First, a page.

Linked by Thom Holwerda on Tue 18th Sep 2012 21:45 UTC
PDAs, Cellphones, Wireless Microsoft and RIM have announced that RIM has licensed Redmond's exFAT patents. The press release contains a ridiculous amount of hyperbole nonsense, and if you translate it into regular people speak, it basically comes down to RIM paying Microsoft protection money for stupid nonsensical software patents. Ridiculous articles like like this make it seem as if we're talking about patents on major technological breakthroughs, but don't be fooled: this is because for some inexplicable reason, we're using crappy FAT for SD cards.
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Stamp Tax
by Snial on Wed 19th Sep 2012 11:55 UTC
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Not wanting to put too much of a fine point on it, but exFAT licensing is really a modern form of a Stamp Tax[*]. The requirement that removable media like SD cards use exFat means we essentially have to pay Microsoft for every document we produce and as such is an infringement on free-speech. Thus if you use a mobile device whose media is exFAT formatted, then you owe MS for the right to take photos or read documents or view web-pages (since the data will usually be cached on the media).

The real impact is not the direct cost to end customers, but those who wish to make use of solid-state media, such as independent developers (e.g. the maker community). Since SD cards are being phased out and there can be no legal open-source SDHD file-based drivers, amateurs (i.e. the general public) will be locked out of hardware development that involves physical interoperable data transfer.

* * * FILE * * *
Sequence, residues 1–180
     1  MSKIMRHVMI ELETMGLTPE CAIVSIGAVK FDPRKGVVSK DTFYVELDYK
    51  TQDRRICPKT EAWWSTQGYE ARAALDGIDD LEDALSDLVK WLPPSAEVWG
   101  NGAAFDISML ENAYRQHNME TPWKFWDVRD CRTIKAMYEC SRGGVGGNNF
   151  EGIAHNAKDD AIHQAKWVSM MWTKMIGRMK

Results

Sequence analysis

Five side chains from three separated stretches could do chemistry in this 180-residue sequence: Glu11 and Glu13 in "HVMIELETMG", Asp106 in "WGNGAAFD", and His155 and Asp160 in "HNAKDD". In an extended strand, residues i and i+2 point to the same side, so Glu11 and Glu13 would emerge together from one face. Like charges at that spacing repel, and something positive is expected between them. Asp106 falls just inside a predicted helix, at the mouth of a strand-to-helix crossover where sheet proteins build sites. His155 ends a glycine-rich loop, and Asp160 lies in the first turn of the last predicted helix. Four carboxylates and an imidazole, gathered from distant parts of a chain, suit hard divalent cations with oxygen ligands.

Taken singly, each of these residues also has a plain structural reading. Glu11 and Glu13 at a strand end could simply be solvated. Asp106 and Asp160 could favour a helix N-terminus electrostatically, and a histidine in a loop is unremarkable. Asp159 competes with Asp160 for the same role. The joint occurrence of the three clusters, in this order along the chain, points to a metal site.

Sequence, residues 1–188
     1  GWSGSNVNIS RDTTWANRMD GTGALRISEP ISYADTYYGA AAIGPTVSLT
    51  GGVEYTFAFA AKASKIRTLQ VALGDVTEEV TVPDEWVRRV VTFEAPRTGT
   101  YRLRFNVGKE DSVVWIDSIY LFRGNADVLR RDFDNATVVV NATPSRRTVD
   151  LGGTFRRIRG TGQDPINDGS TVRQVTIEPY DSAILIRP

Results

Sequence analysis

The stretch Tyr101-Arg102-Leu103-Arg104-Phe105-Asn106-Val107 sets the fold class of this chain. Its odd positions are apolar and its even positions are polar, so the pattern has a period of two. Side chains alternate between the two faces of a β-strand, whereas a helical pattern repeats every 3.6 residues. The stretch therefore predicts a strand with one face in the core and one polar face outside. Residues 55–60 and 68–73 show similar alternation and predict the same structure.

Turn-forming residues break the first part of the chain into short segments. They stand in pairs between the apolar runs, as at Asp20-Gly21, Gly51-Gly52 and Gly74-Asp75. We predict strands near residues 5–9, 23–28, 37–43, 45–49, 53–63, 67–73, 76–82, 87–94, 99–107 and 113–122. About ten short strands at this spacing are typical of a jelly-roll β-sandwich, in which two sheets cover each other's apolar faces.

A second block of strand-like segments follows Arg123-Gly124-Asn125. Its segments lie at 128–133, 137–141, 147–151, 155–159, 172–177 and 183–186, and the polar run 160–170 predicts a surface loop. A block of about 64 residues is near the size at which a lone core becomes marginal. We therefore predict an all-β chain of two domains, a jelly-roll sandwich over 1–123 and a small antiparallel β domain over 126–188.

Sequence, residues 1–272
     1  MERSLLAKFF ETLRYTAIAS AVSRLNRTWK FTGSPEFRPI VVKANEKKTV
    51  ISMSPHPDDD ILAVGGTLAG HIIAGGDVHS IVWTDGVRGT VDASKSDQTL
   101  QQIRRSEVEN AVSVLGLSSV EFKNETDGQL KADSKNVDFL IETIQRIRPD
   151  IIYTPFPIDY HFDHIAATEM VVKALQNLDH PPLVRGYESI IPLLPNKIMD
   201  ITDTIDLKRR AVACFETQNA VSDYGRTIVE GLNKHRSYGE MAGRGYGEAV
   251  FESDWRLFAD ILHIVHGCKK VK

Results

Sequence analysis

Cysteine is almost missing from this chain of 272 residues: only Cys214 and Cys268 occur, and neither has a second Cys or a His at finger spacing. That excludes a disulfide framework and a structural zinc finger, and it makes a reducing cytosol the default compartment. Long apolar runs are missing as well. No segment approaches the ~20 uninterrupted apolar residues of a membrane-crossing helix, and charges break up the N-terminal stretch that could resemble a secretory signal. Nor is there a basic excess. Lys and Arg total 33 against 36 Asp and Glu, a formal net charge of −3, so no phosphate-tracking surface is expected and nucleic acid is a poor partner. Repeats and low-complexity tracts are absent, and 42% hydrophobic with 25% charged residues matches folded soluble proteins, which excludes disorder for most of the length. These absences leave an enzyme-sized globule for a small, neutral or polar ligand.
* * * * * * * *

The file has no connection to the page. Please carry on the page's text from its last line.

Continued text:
Consider FIGnition: , the DIY 8-bit computer. It uses an SPI flash chip for storage, but there's no real option for it to support SDHD cards; even though SDHD, I believe, like SD, supports an SPI access mode. But if I were to design another product where large storage capacities were important, I can build the hardware which utilizes SDHD, but I would not be permitted to, unless I pay Microsoft. Thus, it represents an infringement on free-speech.

Of course, I could, say use alternative technology: SPI chips with my own driver or SDHDs formatted with a different file system (thus incurring only the manufacturer's MS tax) and then use USB for data transfer, but the same problem applies there: USB requires device and vendor IDs which must be licensed, an attack on free-speech at that level. I haven't investigated the implications of WLAN or BT, but direct Ethernet Cabling I think would still be a possibility since it's possible to buy Ethernet chips that amateurs can build with (i.e. DIP-based). Modern options are now rather limited, by decree, rather than by capability.

The key thing is that it's an infringement on free speech at a number of levels, one of which is on users; on people who produce technology; moreover it's a global infringement by a business where we have no representation.

As such it's a direct violation of the UN declaration of human rights Article 19: "Everyone has the right to freedom of opinion and expression; this right includes freedom to hold opinions without interference and to seek, receive and impart information and ideas through any media and regardless of frontiers."

-cheers from julz

[*] For those of us who don't know what that means, the 1765 'Stamp Tax' law referred to a British Government Stamped Mark which had to be placed on every official document in the colonies and which was charged for.

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